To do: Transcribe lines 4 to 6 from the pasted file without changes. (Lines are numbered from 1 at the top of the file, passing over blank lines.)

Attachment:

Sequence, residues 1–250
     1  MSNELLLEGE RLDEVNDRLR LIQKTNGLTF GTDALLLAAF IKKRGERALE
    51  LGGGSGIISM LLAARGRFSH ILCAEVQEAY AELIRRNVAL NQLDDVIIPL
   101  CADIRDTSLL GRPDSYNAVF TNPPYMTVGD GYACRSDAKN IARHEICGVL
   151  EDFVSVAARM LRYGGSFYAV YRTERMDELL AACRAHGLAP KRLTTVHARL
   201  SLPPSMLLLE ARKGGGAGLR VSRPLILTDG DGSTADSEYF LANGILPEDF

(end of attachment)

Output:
   101  CADIRDTSLL GRPDSYNAVF TNPPYMTVGD GYACRSDAKN IARHEICGVL
   151  EDFVSVAARM LRYGGSFYAV YRTERMDELL AACRAHGLAP KRLTTVHARL
   201  SLPPSMLLLE ARKGGGAGLR VSRPLILTDG DGSTADSEYF LANGILPEDF